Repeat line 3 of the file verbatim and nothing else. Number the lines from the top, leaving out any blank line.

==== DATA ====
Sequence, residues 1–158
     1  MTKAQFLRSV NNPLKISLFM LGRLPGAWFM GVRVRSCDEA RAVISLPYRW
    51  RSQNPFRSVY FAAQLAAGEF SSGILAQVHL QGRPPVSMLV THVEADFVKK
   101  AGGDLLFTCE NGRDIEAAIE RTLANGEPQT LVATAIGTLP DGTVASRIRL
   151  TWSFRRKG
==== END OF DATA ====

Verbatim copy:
    51  RSQNPFRSVY FAAQLAAGEF SSGILAQVHL QGRPPVSMLV THVEADFVKK